cout<<"Its a 2"<<endl;
    }
    
    void somefunc()
    {
      int x = 1;
      typeTest(x);
    }
    I bolded for a reason.

  9. #9
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    I understand the passing of an "int" type into the function into the function you have provided. What is not clear to me is passing an "enum" type as shown in the function I have provided. Please show a sample of how this is accomplished. Thanks in advance!
    JK

  10. #10
    Cat without Hat CornedBee's Avatar
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    It's exactly the same. Replace 'int' with 'Juice_t', '1' with 'Orange' and '2' with 'Grapefruit'.
    All the buzzt!
    CornedBee

    "There is not now, nor has there ever been, nor will there ever be, any programming language in which it is the least bit difficult to write bad code."
    - Flon's Law

  11. #11
    & the hat of GPL slaying Thantos's Avatar
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    Just change the types from int to the enum type (which you've already done in your function). Change the constant int values to the enum values (again which you've already done in your function). Enums are just values and can be passed around as such.

  12. #12
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    My call is hosed! Please see my code below that sjows the call to the function and the function itself.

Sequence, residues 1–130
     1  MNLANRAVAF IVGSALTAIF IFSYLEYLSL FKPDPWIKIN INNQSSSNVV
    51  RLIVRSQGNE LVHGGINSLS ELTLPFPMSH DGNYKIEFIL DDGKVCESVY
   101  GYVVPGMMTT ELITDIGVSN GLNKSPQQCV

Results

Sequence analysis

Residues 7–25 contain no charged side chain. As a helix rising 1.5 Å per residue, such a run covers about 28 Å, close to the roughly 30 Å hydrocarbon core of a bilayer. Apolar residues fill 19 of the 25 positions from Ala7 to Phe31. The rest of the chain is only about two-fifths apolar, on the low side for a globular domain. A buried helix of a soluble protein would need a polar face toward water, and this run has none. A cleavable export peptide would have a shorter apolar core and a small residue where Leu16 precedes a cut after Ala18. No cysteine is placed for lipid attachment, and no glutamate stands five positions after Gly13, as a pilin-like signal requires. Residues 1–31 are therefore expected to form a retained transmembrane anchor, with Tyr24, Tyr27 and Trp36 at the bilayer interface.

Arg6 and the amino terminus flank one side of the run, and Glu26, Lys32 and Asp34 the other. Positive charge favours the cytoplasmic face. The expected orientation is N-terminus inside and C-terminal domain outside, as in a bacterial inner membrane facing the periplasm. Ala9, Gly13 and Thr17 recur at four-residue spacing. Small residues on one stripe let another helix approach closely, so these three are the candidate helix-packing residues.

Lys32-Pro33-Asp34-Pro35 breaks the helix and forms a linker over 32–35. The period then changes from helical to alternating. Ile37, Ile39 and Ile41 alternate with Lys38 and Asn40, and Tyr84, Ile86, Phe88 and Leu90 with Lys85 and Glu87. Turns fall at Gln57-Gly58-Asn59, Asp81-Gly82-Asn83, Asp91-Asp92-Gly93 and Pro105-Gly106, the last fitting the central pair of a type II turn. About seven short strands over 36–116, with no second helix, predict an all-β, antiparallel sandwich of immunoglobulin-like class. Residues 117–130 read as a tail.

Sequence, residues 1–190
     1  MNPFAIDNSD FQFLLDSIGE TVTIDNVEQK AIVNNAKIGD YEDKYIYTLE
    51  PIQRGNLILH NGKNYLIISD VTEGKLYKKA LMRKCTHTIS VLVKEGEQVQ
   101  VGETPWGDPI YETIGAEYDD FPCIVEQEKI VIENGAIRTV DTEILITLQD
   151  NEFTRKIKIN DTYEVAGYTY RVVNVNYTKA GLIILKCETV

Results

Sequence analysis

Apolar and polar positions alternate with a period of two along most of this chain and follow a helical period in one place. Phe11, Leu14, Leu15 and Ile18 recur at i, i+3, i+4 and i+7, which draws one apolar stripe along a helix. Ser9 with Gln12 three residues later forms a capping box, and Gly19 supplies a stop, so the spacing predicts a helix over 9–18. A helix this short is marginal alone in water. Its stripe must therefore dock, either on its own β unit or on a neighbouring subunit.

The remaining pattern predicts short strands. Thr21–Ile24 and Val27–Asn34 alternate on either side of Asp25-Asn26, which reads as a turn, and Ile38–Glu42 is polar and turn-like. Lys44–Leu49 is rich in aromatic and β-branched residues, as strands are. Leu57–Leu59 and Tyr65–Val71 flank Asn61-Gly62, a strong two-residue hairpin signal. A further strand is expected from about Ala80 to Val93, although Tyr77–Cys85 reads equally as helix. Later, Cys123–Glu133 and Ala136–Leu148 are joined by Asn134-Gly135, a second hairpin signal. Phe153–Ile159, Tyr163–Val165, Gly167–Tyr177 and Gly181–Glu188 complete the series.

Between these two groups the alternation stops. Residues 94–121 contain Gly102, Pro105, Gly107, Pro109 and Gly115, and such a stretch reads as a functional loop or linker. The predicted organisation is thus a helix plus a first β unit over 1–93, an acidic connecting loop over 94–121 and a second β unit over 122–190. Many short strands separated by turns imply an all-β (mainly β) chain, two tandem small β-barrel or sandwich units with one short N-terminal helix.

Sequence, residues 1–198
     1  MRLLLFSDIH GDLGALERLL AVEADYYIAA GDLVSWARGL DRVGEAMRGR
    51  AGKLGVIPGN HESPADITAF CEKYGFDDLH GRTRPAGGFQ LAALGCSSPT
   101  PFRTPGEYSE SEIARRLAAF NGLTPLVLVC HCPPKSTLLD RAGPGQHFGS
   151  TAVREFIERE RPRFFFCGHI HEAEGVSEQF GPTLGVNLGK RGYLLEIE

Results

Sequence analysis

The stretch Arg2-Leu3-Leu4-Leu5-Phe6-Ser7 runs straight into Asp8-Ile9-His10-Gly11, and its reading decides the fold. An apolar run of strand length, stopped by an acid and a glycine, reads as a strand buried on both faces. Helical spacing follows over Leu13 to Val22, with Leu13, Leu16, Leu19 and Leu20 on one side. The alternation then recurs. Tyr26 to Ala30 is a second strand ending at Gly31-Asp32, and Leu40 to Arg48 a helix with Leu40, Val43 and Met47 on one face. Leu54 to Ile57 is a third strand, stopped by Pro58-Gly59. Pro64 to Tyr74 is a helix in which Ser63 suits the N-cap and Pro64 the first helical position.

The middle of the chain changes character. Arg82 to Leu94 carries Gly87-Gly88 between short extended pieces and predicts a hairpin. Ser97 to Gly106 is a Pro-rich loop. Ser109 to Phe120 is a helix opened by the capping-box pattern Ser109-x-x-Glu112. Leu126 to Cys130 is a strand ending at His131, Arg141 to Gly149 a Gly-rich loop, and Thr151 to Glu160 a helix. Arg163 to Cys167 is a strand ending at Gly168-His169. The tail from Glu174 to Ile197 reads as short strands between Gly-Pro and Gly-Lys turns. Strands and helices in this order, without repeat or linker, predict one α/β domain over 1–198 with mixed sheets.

Code:
    void somefunc()
    {
       typeTest(Juice_t);
    }
    
    
    void Citrus::typeTest(Processing_Plants::Juice_t type)
    {
       if(type == Processing_Plants::Orange)
    	  cout << "It's Orange" << std::endl;
       else if(type == Processing_Plants::Grapefruit)
    	  cout << "It's Grapefruit - Yummy!" << std::endl;
    }

  13. #13
    Cat without Hat CornedBee's Avatar
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    Code:
    void somefunc()
    {
       typeTest(Juice_t);
    }
    You must pass an actual value, not the type.
    Code:
    void somefunc()
    {
       typeTest(Processing_Plants::Orange);
    }
    All the buzzt!
    CornedBee

    "There is not now, nor has there ever been, nor will there ever be, any programming language in which it is the least bit difficult to write bad code."
    - Flon's Law

  14. #14
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    I appreciate your patience! I really do. If there are two possibilities (ie - Orange or Grapefruit), isn't what you suggested 'hard coding' the value being passed?

  15. #15
    Cat without Hat CornedBee's Avatar
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    Yeah, but this call is just an example anyway. How you come up with the initial value to pass (Orange or Grapefruit or Apple) is up to you.
    All the buzzt!
    CornedBee

    "There is not now, nor has there ever been, nor will there ever be, any programming language in which it is the least bit difficult to write bad code."
    - Flon's Law